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Here Are 6 Free Hacks To Help Estimate What Your Home Is Truly Worth

Here Are 6 Free Hacks To Help Estimate What Your Home Is Truly Worth

As a homeowner considering selling your most valuable asset, your home, it can be frustrating to not have access to the same tools that would make quick work for any licensed real estate agent to estimate your home’s actual value. Yet, as an ordinary citizen, you may have spent hours or even days on end navigating popular websites that might help you find out what your home is worth.

If that’s you, then worry not, because as you can see in the graphic below, well over 27,000 home owners just like you have googled the key words “how much is my house worth”, just in the last 30 days alone.

Ahrefs' How Much Is My House Worth Search Volume

    With numbers this staggering, and because we know that many homeowners become frustrated with realtors and want to sell their home without using a realtor …We thought that it was time to share some little known free hacks to estimate the current value of your home (on your own).

    1. Use Free Online Home Value Estimators like Zillow

    It’s not a secret that Zillow has a free home appraisal calculator built into it’s real estate website, but is it accurate in determining what your home is worth? Zillow has reduced it’s 2006 error rate of 13.6% down to a current error rate of only 7.9%, according to Zillow‘s own research.

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    So should you solely use Zillow? No, but you should absolutely find the Zestimate for your specific property, write it down and see how it compares to the other figures that you will gather later.

    2. Generate Legitimate Offers From Real Investors

    As a seasoned real estate investor of over 5 years, I’ve spoken to and dealt with many homeowners that say they “need to sell”, yet they were hesitant to sell to me at my price. Why? Not because my offer was too low; it was because they didn’t feel that they knew exactly how much their house was really worth.

    So, to ease their concern about value, they went through the extra leg work to contact a few other investors and also got offers from them. They then compared those offers against mine to give them a better picture of their current “as-is” cash value of their home. But why not take it one step further and ask each investor that you meet with, to tell you what they would sell the house for, once any improvements were completed.

    This is an excellent way to get a good ballpark figure of your home’s value, based on the hard work & research of 3 unbiased investors.

    3. Research Your local Courthouse Deeds of Trusts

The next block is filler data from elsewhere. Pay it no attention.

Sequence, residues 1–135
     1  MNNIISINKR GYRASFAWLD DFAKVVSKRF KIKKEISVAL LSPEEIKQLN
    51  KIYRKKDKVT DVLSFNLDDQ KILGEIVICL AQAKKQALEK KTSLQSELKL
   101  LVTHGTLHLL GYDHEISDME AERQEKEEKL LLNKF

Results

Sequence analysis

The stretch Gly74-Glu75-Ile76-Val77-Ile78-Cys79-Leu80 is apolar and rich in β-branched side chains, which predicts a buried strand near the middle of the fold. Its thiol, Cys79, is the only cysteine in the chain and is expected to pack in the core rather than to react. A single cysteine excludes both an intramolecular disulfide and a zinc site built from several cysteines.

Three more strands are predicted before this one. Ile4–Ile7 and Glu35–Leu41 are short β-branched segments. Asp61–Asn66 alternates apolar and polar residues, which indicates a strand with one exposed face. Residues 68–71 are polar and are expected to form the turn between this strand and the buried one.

Most homeowners don’t have enough experience in the real estate arena to know what they don’t know. In regards to finding your home’s value using guerrilla techniques, you might not know that researching your local courthouse’s deeds of trusts could help you get a very good idea of what homes are selling for in your very neighborhood. Here’s one way to go about finding a deed of trust:

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    1. Using your local County Appraiser’s Website, enter your street name or a street nearby where you live

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      2. Find a house that has a Deed date of within the last 12 months, like this one

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        3. Enter the home’s legal description into your County’s Clerk Office Records Website

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          4. In the search results, find the last Deed of Trust filed. Click on it…you’ll see the buyer’s loan amount when they purchased the property

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            Once you have the property’s loan amount and loan type (e.g. conventional/FHA/ VA), you can easily work your way backwards to get an idea of what the home probably sold for. For example, most FHA buyers finance the full 96.5% of the purchase, so calculate ($174,000 X 1.0362 = $180,298).

            This hack will get you very close to the total purchase price of the house, however, this method works best with FHA buyers. Many times the deed of trust will specify if it was an FHA loan or not.

            4. Estimate Value Based on Your Home’s Appraised Tax Value

            Having run hundreds if not thousands of comparable sales in my career as a Realtor/Investor, I have found that in my county (most likely many counties are the same), a properties assessed tax appraised value is equal to about 88-92% of it’s market value. This means that if a home’s market value is $100,000, then most likely its tax appraised value will be in the range of $88,000 to $92,000.

            If you’re county appraiser’s tax rolls are closely aligned to actual market values like this, then this quick hack may work for you.

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            5. Call For Sale Signs in Your Neighborhood

            FILE - In this Thursday, Jan. 8, 2015, file photo, a "sale pending" sits atop a realty sign outside a home for sale in Surfside, Fla. The National Association of Realtors releases its pending home sales index for June on Wednesday, July 29, 2015. (AP Photo/Wilfredo Lee, File)